In the last three years, Redditch-based titanium stockist, VSMPO Tirus, has invested heavily in machine tools to allow it to deliver material cut to size. Customers, mainly in the aero engine and airframe manufacturing sectors, benefit from lower costs and more reliable delivery compared with when VSMPO Tirus was subcontracting out the machining.
Latest plant to be installed includes a large water jet cutting machine from Flow and three Kasto bandsaws - two KASTOtec horizontal models and a KASTObloc vertical block and plate saw, which joins a similar model dating back to 2004.
Located in the Urals, VSMPO AVISMA is the world's largest titanium producer. Ian Perks, Operations Director at the UK subsidiary, said that service to its customers, notably Rolls-Royce and Airbus, was paramount. Other users, including medical and offshore equipment manufacturers, are equally demanding. The need for top quality and prompt delivery prompts the stockist to source the most reliable equipment for machining the titanium alloys.
When it was formed in 1998, the Redditch operation acquired a bandsaw for cutting relatively small volumes of bar, billet and ingots, but recognised the potential to bring plate sawing in-house as well. Not only could the company make extra profit, but it could also reduce the price it charged for the service.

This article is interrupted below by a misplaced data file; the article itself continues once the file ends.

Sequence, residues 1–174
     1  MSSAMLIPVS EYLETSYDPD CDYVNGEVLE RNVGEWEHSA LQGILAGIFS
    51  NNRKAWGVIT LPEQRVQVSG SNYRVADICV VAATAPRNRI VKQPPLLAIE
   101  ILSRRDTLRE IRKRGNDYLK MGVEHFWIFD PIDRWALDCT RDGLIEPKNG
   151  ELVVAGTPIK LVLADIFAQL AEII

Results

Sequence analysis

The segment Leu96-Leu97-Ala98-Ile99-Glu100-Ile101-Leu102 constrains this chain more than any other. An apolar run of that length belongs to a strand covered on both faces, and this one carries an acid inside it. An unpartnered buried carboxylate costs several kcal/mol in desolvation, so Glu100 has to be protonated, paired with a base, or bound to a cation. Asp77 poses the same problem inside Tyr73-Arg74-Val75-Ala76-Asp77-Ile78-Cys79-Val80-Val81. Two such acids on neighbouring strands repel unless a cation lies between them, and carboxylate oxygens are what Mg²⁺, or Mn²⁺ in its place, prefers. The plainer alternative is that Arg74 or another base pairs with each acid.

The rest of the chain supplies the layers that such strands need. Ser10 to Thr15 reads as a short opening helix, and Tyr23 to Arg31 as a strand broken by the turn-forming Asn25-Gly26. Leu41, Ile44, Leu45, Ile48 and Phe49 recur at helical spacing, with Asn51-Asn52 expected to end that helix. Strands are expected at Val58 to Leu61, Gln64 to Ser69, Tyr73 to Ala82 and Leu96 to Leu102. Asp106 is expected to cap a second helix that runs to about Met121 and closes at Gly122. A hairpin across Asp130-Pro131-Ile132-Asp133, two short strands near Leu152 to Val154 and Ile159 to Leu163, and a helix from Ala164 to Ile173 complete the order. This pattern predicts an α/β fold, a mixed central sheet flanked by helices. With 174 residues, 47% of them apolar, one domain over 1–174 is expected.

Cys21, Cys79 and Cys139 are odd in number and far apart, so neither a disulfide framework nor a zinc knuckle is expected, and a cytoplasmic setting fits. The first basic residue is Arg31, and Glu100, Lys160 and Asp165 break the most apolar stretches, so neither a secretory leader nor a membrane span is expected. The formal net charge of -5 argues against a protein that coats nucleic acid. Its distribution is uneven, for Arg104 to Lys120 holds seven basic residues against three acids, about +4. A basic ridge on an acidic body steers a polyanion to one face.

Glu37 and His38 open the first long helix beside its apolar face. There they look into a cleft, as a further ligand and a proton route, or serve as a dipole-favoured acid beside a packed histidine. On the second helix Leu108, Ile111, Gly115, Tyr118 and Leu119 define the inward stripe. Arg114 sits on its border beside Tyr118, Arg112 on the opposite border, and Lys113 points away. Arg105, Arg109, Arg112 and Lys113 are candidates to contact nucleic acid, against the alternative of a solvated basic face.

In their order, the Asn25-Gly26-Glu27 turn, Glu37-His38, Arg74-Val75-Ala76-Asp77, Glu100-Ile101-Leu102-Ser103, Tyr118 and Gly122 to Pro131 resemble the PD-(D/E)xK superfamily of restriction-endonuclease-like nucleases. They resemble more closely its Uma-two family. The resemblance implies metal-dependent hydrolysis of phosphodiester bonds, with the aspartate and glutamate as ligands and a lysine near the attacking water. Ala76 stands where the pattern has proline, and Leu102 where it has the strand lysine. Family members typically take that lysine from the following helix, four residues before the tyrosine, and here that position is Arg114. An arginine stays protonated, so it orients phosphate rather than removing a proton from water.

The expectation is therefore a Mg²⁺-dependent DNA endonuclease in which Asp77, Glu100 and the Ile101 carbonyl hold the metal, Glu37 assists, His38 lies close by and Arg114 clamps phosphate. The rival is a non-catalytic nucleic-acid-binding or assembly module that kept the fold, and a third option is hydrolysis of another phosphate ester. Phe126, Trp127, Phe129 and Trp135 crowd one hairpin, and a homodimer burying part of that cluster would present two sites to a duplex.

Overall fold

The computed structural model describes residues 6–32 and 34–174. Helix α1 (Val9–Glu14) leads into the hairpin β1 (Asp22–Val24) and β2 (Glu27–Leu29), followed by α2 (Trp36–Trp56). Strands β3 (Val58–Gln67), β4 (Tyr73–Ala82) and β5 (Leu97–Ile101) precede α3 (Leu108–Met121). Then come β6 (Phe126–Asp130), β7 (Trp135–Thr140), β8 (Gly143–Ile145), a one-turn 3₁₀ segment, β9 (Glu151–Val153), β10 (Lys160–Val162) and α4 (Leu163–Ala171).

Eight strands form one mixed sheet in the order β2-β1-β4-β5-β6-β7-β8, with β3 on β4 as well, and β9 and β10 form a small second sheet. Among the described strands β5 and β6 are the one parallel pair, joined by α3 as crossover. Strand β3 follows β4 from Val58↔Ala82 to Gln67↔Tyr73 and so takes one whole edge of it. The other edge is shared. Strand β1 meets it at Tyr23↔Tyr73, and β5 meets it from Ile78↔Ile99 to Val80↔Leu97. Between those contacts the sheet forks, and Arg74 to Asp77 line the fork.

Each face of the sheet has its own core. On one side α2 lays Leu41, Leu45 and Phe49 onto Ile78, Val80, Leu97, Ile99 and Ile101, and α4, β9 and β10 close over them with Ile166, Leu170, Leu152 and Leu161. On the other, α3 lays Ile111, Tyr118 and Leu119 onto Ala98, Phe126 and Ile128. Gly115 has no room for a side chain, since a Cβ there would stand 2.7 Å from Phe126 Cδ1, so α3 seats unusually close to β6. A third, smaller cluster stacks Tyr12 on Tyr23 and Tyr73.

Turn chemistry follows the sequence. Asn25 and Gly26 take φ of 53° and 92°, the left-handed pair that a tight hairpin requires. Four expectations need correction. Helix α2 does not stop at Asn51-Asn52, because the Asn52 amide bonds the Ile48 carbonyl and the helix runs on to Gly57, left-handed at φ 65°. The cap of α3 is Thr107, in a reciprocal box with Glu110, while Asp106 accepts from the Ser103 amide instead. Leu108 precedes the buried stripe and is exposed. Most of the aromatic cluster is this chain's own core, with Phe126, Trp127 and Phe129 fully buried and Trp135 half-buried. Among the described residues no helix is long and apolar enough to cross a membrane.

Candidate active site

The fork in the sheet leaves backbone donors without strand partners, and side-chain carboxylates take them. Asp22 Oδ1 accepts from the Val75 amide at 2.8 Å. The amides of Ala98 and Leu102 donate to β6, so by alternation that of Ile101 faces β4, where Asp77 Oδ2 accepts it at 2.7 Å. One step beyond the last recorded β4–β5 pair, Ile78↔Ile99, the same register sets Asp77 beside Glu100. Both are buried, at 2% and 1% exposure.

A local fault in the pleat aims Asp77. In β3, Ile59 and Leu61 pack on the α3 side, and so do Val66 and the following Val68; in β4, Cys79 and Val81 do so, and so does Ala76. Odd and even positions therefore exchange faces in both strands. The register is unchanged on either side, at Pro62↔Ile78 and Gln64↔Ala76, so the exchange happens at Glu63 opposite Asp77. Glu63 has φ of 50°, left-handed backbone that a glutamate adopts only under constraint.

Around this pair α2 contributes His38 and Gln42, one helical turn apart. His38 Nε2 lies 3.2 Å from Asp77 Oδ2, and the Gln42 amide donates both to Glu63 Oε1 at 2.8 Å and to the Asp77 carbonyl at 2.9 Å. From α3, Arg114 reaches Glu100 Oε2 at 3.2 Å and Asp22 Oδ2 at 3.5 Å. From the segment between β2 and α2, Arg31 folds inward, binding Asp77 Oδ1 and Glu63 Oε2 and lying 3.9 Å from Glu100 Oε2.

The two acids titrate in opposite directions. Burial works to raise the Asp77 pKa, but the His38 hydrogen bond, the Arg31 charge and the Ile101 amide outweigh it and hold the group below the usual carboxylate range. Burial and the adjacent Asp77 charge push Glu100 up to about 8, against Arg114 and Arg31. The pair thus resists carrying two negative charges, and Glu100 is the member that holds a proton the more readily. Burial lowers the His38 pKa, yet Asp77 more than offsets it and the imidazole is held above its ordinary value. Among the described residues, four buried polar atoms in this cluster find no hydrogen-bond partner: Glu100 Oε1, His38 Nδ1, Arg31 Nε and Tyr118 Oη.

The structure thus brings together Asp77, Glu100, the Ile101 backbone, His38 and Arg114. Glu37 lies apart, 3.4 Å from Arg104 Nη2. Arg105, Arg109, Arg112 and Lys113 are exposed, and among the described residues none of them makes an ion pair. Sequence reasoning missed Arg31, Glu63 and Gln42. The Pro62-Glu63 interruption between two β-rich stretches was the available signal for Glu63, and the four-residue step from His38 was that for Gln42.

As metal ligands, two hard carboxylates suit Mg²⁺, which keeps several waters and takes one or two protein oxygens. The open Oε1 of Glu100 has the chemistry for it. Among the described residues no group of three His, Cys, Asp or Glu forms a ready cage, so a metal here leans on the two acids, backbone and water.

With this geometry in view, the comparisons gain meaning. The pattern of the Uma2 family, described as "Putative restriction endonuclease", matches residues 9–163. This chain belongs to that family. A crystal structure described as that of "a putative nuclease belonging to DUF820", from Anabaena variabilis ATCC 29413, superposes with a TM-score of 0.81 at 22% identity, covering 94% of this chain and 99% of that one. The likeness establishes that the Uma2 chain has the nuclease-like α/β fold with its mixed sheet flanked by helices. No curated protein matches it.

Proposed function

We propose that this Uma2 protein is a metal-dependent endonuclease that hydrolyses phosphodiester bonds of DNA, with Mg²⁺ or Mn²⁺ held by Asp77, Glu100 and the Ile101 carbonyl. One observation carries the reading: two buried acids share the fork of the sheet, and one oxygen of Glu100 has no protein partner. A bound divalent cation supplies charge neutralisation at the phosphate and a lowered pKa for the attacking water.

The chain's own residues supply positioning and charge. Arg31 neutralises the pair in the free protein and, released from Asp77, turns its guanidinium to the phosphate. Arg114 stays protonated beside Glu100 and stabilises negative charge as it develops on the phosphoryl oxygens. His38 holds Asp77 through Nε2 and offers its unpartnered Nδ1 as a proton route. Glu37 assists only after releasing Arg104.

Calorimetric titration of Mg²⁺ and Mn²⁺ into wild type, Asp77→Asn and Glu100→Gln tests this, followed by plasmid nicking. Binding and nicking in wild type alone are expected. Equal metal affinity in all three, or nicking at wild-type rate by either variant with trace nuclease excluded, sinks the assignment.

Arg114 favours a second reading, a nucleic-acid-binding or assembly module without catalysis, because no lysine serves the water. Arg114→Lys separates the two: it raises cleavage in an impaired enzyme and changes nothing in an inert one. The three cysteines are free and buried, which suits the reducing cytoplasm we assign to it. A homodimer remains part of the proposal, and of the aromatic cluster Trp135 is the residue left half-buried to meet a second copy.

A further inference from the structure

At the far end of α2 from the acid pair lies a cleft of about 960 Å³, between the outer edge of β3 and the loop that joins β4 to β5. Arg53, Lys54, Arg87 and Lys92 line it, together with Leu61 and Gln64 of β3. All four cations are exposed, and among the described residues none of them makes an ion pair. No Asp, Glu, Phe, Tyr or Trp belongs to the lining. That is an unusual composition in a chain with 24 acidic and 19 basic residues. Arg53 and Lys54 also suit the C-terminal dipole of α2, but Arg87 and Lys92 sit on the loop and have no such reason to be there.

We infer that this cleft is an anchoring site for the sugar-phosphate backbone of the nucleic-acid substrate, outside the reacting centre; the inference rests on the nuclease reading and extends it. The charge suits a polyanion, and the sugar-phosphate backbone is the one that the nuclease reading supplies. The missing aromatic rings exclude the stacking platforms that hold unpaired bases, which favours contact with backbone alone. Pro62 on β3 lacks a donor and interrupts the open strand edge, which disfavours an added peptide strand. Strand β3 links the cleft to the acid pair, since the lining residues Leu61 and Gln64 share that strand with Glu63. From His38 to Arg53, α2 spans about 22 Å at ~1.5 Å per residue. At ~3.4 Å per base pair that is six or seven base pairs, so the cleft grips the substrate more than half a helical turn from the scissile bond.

Kasto was chosen to supply the first block and plate bandsaw, a KASTObloc U4 with 3,100 (L) x 660 (W) x 580 (H) mm cutting capacity, as it had previously solved the problem of how to cut unannealed titanium billet with internal stresses without the blade jamming. Detailed advice on blade selection, band speed and infeed rates was provided, based on the experience of other Kasto bandsaw users around the world involved in cutting titanium.
The first 430 mm capacity KASTOtec AC4 horizontal bandsaw was installed in 2007 to assist the pre-existing model as cutting volumes of bar and billet increased. It was followed in 2009 by a second KASTObloc U4 and in 2010 by a second KASTOtec AC4.
"The combination of rigid Kasto bandsaws and Lenox tungsten carbide tipped blades copes well with cutting hard titanium alloys," concluded Mr Perks. "Using the latest technology, production rates are four times faster than they were 40 years ago."
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